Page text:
Does thinking about exercise stress you out?  No more!


Anxiety about what’s going on right now, and what the future holds, can feel overwhelming, and the need for self-care has never been greater.    Self-care is what we do to take care of our mental, physical and emotional health.  It helps us heal from today’s challenges and prepares us to better manage the stress and anxiety we face each day.  Self-care shouldn’t feel like a chore, and it shouldn’t create additional stress.  And it should definitely improve our mood and our relationship with ourselves and others.  A tall order. 

Where do exercise and fitness come in?  Right at the beginning of self-care.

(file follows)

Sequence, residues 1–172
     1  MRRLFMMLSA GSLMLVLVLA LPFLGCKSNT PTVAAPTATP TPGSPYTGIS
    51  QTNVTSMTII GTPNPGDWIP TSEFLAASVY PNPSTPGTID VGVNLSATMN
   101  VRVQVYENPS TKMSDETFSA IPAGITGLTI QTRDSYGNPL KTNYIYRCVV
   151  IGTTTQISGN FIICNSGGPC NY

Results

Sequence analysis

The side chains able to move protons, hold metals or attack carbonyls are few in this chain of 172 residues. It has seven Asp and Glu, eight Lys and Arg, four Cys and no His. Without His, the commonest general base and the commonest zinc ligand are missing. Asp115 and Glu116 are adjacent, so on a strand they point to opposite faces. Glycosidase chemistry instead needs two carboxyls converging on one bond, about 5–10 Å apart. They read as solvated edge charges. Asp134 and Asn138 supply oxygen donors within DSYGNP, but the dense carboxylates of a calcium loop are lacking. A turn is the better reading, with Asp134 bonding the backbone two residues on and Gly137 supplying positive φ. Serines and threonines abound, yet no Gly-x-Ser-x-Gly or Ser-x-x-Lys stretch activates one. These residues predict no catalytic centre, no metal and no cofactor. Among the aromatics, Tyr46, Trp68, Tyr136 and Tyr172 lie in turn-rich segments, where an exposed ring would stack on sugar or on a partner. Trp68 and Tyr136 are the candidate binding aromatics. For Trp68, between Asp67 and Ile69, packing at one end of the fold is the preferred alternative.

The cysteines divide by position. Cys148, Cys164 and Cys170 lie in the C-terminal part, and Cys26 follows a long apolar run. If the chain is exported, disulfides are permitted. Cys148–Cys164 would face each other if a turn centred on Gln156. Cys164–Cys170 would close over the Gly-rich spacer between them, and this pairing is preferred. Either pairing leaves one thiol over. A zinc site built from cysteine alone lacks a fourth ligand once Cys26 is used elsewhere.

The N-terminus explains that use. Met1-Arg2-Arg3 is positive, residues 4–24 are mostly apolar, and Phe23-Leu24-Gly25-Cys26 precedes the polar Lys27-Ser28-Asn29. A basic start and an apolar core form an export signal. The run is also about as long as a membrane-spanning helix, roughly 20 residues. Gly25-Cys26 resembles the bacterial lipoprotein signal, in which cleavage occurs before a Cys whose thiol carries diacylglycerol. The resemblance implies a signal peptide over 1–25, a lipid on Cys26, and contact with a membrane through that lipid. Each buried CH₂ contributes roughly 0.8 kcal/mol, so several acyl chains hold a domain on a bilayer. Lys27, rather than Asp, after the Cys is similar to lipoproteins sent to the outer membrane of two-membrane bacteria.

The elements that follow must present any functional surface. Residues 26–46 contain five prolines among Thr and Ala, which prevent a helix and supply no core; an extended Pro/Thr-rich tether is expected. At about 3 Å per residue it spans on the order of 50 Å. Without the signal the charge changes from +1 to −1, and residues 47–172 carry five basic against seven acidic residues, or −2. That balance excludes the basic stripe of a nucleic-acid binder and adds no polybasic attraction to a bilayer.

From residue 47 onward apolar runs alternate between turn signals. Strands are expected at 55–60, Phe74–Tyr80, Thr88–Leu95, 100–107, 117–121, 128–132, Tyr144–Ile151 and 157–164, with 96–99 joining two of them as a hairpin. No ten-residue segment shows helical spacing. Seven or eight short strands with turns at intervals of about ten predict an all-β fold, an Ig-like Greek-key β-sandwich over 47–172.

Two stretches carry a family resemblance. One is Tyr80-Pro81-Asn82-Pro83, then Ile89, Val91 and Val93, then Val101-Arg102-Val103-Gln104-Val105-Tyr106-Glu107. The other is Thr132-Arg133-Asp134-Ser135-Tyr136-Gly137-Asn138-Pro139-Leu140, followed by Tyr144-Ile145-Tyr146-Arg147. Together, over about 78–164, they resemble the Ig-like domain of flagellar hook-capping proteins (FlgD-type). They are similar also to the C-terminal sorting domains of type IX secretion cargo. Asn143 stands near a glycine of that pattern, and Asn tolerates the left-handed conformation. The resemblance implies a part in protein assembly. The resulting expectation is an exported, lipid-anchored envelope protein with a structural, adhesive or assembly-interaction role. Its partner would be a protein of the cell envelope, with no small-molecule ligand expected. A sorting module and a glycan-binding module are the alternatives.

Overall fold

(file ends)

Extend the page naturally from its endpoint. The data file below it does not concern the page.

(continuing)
Trey Potter is a fitness professional and owner of Apex Strength & Conditioning .  His approach to fitness is holistic – he sees exercise as essential self-care.  “Typically, when we start thinking about fitness what we see in our head is some type of external benefit or outcome. You lose body fat, become more flexible, have more endurance, or get stronger.”  But Trey emphasizes while those are all great physical results, the benefits of exercise go far beyond that. Physical activity can lower our stress levels and improve sleep, boost confidence and self-respect, enhance focus and mental function.  In other words, Trey notes “not only do you get the physical benefits of being healthier and in better shape” when you exercise  “you also get the mental and emotional benefits that help you be a better parent, spouse, and professional.”  And that is what self-care is all about.  Because you cannot care for others if you do not care for yourself.  There is nothing selfish about self-care.